# #REF! Error in Excel

MS Excel or Microsoft Excel is a well-known spreadsheet program or software developed by the popular company Microsoft. It enables users to record financial data and perform desired calculations on specific recorded data sets using various existing functions or formulas. However, there may be cases when we do not get the expected results from the functions/formulas applied. Instead, Excel returns some random unexpected code in the corresponding cell(s). Such random unexpected codes are called Excel errors.

There are many error codes in Excel which are part of Excel error, and these codes usually appear on a case-by-case basis. A worksheet may contain one or more of these errors. The #REF! is one such error of Excel that we often encounter when working with functions and formulas within our sheet. Like other error codes, the #REF! error also appears due to some specific reasons, and we should follow the proper guide to fix or remove this error accordingly.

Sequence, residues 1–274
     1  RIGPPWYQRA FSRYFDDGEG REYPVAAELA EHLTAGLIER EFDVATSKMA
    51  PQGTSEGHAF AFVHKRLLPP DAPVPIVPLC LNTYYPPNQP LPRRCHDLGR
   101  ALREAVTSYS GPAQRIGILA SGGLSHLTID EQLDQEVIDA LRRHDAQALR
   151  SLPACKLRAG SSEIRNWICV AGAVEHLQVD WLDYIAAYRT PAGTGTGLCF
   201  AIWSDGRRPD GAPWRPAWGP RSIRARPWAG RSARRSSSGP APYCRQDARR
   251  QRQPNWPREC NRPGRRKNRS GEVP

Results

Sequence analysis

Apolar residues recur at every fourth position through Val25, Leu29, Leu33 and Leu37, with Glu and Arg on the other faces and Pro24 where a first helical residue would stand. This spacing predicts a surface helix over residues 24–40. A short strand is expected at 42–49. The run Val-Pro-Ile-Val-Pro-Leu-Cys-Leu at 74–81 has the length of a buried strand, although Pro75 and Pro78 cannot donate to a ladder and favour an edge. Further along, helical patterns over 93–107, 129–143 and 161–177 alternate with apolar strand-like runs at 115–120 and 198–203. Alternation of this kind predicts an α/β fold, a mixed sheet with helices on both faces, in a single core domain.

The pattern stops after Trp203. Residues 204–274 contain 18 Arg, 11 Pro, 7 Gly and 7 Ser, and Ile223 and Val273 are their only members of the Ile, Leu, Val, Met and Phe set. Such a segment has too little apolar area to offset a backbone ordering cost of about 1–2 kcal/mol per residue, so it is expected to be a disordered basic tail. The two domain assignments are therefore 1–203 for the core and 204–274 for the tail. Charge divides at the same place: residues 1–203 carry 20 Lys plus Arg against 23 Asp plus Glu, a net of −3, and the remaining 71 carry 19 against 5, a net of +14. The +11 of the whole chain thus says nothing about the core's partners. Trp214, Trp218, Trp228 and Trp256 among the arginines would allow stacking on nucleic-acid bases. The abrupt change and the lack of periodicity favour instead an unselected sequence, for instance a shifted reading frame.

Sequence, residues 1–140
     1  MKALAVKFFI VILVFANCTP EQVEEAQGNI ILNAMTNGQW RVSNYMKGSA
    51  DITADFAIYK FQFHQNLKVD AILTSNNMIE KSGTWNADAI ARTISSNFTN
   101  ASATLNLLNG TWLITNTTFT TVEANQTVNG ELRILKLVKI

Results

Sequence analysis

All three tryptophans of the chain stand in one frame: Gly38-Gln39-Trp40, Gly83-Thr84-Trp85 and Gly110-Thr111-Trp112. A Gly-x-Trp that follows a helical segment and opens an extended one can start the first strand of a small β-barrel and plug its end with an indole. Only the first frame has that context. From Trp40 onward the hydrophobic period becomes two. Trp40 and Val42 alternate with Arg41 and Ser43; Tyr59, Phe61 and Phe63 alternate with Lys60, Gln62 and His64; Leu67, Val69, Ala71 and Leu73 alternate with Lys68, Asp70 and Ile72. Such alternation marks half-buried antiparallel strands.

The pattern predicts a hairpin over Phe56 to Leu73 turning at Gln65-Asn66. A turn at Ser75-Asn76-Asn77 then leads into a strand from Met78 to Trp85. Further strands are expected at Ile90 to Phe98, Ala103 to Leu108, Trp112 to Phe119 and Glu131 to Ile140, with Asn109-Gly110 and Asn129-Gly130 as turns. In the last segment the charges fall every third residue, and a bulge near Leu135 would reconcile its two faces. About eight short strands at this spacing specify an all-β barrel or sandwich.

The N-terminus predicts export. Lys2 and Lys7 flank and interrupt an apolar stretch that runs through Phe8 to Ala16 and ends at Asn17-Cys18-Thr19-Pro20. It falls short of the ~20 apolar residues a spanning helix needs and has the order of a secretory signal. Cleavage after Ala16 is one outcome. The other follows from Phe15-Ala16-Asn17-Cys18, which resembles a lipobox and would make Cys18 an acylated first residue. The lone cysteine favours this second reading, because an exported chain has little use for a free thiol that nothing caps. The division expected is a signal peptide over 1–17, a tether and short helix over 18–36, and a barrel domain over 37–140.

## What is #REF! error in Excel?

The #REF! error of Excel is one of the formula errors that may occur for a few reasons related to used cell references. The #REF! itself represents the meaning of reference. In particular, the #REF! error is the result of invalid or non-existent references used inside the formula(s) in the sheet.

Excel reads the applied cells as invalid in the following scenarios:

- When a cell, row, column, or sheet is deleted.
- When a formula has incorrect cell references, such as the relative references are copied.